Building bridges between the young and the old has lasting physical, mental and emotional benefits.
The number of Americans living in multigenerational households – those with two or more adult generations (or with a younger, “skipped” generation) – is on the rise.
According to the Pew Research Center, multigenerational households numbered 14.5 million in 1971, and rose to 59.7 million by 2021. “Skip-generation” households, where grandparents and their young grandchildren pair up, are also increasing in frequency. Many cultures throughout history have demonstrated the benefits of extended intergenerational connection, and multigenerational households are still the standard in many places.
Living among people from a different era enables us to better understand and appreciate one another. It broadens perspectives across the generational divide, decreases feelings of loneliness and improves overall quality of life. A recent Cigna study showed that approximately 79% of Americans ages 18 to 24, and 41% of seniors aged 66 and older, struggle with loneliness. Encouraging interaction between these two cohorts could prove valuable to easing that lonely feeling.
For seniors, bringing younger generations into their lives can promote happiness and encourage physical activity among some who might otherwise remain fairly idle. Research shows that when older adults spend time with younger ones there are obvious upward trends in the seniors’ strength and levels of activity. Because they’re happier, the older generation gets sick less often and is more apt to engage in meaningful experiences, Cigna’s study says.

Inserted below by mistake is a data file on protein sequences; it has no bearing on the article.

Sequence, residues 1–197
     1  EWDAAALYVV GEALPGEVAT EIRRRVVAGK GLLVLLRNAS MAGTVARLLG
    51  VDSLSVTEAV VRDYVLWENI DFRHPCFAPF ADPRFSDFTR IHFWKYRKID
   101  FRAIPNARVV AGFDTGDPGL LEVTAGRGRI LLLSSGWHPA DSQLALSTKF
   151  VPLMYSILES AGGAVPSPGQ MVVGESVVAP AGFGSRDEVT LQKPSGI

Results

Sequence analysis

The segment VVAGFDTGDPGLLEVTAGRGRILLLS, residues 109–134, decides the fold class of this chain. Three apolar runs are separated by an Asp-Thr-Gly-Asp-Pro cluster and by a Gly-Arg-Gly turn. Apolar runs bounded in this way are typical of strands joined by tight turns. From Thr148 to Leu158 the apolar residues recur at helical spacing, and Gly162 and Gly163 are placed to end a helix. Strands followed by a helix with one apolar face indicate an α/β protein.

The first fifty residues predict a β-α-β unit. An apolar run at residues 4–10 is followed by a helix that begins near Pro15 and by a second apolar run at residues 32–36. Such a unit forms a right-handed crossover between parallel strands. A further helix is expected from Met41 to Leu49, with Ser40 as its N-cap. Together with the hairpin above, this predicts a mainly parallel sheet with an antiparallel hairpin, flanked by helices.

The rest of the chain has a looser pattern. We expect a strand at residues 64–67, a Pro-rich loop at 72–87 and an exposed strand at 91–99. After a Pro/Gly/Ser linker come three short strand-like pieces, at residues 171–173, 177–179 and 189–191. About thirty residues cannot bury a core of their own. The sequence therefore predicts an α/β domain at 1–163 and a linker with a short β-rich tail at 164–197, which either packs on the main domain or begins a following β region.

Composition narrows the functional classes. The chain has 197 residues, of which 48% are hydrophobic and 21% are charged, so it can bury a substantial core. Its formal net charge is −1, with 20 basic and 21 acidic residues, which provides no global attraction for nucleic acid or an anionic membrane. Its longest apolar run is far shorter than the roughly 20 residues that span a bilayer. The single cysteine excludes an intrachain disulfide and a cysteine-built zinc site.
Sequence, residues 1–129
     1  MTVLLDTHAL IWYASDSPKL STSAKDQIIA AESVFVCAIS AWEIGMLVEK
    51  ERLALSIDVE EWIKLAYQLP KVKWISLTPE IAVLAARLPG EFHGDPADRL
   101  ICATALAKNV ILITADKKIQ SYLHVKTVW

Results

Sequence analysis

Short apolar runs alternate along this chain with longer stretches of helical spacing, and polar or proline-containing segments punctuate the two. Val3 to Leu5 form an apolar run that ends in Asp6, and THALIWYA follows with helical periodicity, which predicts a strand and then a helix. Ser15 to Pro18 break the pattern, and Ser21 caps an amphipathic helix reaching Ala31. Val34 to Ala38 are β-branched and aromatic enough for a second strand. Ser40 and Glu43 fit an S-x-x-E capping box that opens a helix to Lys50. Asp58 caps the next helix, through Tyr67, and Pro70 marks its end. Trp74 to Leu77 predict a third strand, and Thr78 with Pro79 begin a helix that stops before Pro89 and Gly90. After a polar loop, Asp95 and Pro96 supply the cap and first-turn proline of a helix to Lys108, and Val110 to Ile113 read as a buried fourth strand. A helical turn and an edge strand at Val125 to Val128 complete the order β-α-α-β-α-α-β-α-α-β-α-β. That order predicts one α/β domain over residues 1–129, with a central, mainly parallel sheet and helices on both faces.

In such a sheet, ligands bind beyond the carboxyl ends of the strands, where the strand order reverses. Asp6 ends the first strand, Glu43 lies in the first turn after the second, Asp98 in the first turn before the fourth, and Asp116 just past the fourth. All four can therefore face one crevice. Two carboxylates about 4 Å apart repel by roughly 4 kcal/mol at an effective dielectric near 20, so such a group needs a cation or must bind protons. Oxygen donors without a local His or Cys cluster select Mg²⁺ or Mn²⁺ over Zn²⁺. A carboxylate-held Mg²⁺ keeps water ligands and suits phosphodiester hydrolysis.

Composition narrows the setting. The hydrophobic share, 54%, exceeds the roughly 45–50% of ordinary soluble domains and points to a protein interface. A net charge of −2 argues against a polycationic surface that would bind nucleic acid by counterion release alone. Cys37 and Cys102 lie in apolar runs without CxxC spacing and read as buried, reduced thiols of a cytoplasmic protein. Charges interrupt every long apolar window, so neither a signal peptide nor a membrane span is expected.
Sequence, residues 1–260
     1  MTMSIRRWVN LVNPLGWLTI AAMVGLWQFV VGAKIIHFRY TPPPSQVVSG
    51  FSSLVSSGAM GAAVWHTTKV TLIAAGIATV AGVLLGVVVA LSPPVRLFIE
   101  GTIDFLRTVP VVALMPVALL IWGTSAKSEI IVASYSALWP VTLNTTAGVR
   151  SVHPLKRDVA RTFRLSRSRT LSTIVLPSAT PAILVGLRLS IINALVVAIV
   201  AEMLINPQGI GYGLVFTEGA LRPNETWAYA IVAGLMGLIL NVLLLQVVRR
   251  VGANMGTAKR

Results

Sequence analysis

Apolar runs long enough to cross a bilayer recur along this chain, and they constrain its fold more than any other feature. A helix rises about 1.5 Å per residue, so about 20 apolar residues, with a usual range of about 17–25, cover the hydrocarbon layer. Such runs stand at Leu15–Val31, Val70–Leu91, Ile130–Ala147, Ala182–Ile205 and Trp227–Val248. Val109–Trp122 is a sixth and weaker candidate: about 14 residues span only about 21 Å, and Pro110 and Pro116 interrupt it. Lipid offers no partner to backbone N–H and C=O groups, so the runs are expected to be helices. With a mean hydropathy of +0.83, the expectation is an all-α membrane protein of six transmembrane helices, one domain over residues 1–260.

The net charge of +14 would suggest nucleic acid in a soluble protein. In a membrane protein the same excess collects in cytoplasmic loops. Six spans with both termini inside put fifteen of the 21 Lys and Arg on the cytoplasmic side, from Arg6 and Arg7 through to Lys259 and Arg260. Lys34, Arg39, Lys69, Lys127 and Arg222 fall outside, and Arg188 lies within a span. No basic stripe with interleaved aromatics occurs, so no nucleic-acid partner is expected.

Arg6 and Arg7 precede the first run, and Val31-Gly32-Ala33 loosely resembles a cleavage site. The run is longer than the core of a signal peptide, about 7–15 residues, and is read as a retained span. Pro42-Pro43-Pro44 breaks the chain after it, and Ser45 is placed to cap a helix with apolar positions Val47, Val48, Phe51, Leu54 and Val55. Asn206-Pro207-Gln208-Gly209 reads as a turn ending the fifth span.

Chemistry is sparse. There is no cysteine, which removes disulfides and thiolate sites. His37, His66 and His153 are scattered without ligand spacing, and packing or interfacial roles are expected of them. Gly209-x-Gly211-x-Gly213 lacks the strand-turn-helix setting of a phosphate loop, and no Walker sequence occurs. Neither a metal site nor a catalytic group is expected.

For young adults living solo, mixed-age interactions act as a first line of defense against isolation and depression. Intergenerational relationships also cultivate purpose and a solid support system, which encourages mental wellness.
A social experiment in Sweden attempted to alleviate loneliness among young people and retirees by throwing the generations together. The Sallbo Project asks every tenant of a building that houses a mix of tenants under 25 and retirees to sign a contract promising to spend at least two hours a week with a tenant of the other generation.
Having neighbors from different generations builds a reciprocal relationship. Young people can teach older people the ins and outs of the digital world – simplifying smartphones and online bill pay – while older people can impart life wisdom and perspective for the benefit of the young. Each can share their generation’s skill set with the other.
Purpose and worth evolve from feeling like you’re part of something bigger than yourself. A connection with a different generation can add to your feeling of purpose and belonging. Generations are like puzzle pieces, each bringing something different to the table to form a complete picture of life.
Grab a game or find something fun to share with your generational counterparts, and start enjoying the benefits of being together.